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Stan Ingman Creates a Connection and Collaborations with the UNT Community and Beyond

Stan Ingman, Professor of Applied GerontologyStan Ingman, Professor of Applied Gerontology, has combined his community work and scholarship to serve as a catalyst for connection and collaboration between UNT and a range of partners and communities.  Ingman designed, developed, and implemented UNT’s successful Texas Institute for Research and Education on Aging (TIREA). From 1991-2013, TIREA projects that emanated under his leadership included:  a Fellowship Program in Geriatric Medicine and Dentistry; the Texas Center for Geriatric Education; Seniors and Volunteers for Childhood Immunization; and the National Academy for Teaching and Learning about Aging at UNT.

Ingman will be recognized with his fellow award recipients at the Salute to Faculty Excellence Awards Dinner & Ceremony.  This year, Ingman is the UNT Foundation Faculty Community Engagement recipient, an award which recognizes faculty whose careers are marked by sustained activities that systematically and effectively advance mutual university-community engagement, successfully address important community issues through collaborative initiatives, and create intellectual products respected by peers within and beyond the academy.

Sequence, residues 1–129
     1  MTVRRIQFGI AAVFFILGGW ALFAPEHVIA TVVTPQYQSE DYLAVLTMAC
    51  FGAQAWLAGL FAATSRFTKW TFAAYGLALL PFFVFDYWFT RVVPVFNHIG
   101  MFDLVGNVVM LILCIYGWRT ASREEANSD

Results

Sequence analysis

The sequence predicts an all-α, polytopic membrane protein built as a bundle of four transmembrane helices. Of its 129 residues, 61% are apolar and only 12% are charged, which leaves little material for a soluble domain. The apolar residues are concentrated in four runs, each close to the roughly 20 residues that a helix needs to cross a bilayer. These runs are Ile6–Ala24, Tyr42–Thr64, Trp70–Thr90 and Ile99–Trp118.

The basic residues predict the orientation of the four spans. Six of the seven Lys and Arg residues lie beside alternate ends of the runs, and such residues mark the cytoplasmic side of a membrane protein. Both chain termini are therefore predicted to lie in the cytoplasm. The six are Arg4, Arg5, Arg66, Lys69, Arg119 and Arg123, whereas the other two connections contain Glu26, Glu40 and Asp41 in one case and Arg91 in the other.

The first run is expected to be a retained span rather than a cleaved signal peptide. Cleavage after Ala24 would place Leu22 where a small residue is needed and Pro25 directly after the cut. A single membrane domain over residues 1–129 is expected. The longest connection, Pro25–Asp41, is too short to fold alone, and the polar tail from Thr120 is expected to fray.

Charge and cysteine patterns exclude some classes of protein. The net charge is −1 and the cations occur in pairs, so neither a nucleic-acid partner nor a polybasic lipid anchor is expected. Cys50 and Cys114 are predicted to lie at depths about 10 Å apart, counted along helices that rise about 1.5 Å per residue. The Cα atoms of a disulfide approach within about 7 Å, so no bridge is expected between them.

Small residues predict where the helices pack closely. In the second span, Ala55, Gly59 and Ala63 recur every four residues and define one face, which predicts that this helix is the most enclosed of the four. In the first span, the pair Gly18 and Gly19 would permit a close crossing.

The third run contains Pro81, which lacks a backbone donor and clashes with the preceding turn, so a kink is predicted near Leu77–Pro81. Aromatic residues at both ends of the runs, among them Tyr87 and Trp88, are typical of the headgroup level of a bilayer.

In partnership with the Environmental Protection Agency (EPA) and the U.S. Department of Housing and Urban Development (HUD), Ingman has organized numerous conferences and workshops on residential and commercial energy efficient structures and sustainable communities.  He also was instrumental in garnering neighborhood support and obtaining funding through HUD for a Section 202 project to bring affordable housing to low-income senior citizens in numerous communities (e.g., Oak Cliff, Denton). Similar work has occurred in Colima, Mazamitla, Guadalajara and Zacatecas, Mexico.

In 1995, Ingman co-established the non-profit organization Future Without Poverty to encourage work in Mexico via sustainability efforts.  Since that time, he has co-developed educational programs that impact communities around the globe from Sanger, Texas to Mexico, Uganda, and beyond.

Mentoring the next generation of community leaders is an important part of Ingman’s legacy. Recently, he collaborated with a former student to provide supportive and sustainable housing for veterans in St Louis.  Transitional housing is now available for veterans and their families in three locations. He also works with UNT’s College of Engineering to ensure that these structures are energy efficient.